Studies still weighing supplements for tear dysfunction

September 15, 2008

Supplementation with omega-3 fatty acids, omega-6 fatty acids, and fish oils in patients with dry eye probably will decrease the overall inflammatory state of the eye based on subjective evidence, but objective placebo-controlled trials should be conducted to validate this recommendation.

Key Points

While this news seems encouraging, she tempered this with the observation that no objective trials have been performed to support the use of nutritional supplements in patients with tear deficiency. Dr. Macsai presented the current thinking on why this may be a promising avenue of therapy to pursue for patients with dry eye.

Dry eye disease has an underlying inflammatory component that results in decreased aqueous tear production and increased evaporative tear loss. Fatty acid metabolism is a hot topic in this regard because omega-3 fatty acids metabolize into anti-inflammatory eicosanoids and thrombolytic agents, and omega-6 fatty acid metabolism is key in the production of arachidonic acid and other inflammatory mediators and platelet aggregators. Insulin, Dr. Macsai pointed out, produces desaturase enzymes that shunt the enzymatic processing of omega-3 fatty acids toward the omega-6 pathway.

Sjögren's disease is characterized by decreased saliva and tear formation because the lacrimal and salivary gland nerve function is shut down by tumor necrosis factor alpha (TNF-a), interleukin (IL)-1, and IL-2. Eicosapentaenoic acid blocks gene expression of TNF-a and the interleukins.

"The omega-6 fatty acids block linoleic acid metabolism to gamma linolenic acid and fish oil blocks the conversion of dihomo-gamma-linoleic acid to arachidonic acid.

Nutritional supplements

Flaxseed oil, which is composed of 55% alpha-linolenic acid, 15% omega-6 fatty acids, and 19% omega-9 fatty acids, is an omega-3 fatty acid that is thought to decrease inflammation by inhibiting TNF-a and IL-1 beta. One cautionary note is that one study associated alpha-linolenic acid with prostate cancer, although these results have not been reproduced. Other side effects are flatulence and increased bleeding time, according to Dr. Macsai.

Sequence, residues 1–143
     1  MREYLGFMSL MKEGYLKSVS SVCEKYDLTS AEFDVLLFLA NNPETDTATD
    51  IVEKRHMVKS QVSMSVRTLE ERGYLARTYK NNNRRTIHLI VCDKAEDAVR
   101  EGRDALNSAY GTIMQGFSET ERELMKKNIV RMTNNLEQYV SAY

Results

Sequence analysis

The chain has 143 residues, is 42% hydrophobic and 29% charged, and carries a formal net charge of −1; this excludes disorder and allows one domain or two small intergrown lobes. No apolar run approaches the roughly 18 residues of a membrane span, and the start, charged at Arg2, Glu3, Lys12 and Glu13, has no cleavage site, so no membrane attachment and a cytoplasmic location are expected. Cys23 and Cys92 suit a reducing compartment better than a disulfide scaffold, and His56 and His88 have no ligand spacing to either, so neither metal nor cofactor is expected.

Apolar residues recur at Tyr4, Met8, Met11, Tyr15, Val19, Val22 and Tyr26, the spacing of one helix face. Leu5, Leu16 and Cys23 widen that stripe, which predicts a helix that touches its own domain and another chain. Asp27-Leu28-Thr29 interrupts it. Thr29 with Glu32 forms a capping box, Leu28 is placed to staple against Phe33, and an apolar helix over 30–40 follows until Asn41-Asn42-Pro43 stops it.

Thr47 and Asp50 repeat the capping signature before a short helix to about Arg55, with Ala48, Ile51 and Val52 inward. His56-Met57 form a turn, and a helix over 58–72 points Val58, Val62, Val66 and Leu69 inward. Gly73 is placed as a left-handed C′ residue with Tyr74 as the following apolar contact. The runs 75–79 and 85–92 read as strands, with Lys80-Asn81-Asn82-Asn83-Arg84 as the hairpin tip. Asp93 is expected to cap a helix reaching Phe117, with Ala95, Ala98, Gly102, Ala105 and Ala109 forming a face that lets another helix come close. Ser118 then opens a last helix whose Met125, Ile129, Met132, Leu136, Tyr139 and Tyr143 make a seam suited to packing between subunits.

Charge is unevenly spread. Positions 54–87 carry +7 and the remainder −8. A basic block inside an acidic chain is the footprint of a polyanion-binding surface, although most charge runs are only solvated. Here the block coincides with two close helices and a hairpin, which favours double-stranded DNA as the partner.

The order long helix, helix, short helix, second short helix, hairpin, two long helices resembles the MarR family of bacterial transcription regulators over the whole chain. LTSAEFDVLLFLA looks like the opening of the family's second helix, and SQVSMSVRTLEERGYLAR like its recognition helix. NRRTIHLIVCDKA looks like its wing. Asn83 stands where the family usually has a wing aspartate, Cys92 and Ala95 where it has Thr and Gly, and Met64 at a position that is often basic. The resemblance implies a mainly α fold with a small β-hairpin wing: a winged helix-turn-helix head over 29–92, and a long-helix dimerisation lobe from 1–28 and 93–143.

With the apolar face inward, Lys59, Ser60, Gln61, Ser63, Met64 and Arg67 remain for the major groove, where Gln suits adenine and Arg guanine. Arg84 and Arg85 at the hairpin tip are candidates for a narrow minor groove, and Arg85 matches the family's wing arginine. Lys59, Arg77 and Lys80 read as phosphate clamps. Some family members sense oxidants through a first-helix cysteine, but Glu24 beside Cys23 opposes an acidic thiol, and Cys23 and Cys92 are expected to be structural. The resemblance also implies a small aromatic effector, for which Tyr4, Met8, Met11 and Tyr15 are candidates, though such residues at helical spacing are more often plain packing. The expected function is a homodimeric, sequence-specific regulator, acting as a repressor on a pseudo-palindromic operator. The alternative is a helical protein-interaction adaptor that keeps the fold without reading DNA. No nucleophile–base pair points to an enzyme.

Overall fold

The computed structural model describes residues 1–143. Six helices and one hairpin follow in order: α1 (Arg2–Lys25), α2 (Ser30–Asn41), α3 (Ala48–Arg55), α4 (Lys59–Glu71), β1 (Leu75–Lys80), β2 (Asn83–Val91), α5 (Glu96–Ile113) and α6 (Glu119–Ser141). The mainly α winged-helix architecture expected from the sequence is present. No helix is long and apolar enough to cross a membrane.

Olive oil contains 1% omega-3, 10% omega-6, and 85% omega-9 fatty acids.

Fish oil contains both docosahexaenoic acid and eicosapentaenoic acid and is found in salmon and swordfish. A drawback is the high concentration of mercury in unfiltered supplements that can accumulate in the body, she noted. "Salmon has by far the most omega-3 fatty acids. Milk and yogurt contain very little omega-3 fatty acids," Dr. Macsai said.

Vitamin E levels have been shown to be decreased in dry eye and after fish oil supplementation. Bilberry up-regulates the oxidative stress defense enzymes and has been beneficial in animals in the prevention of macular degeneration and cataracts, but no role in dry eye has been reported. Evening primrose oil did not exhibit substantial improvements in ocular or oral tissue compared with placebo in patients with Sjögren's syndrome.

Published research on nutritional supplements has relied primarily on the nutritional diaries of the study participants. No studies have prospectively measured the effects of the supplements.

"In the Women's Health Study, the risk of dry eye decreased by about 30% per additional gram of omega-3 fatty acids consumed per day," she said; the study included 32,470 female health professionals who completed a validated food frequency questionnaire. In addition, omega-3 fatty acid supplementation also has been found to have a positive effect on asthma, cardiovascular disease, arthritis, depression, and adult-onset diabetes.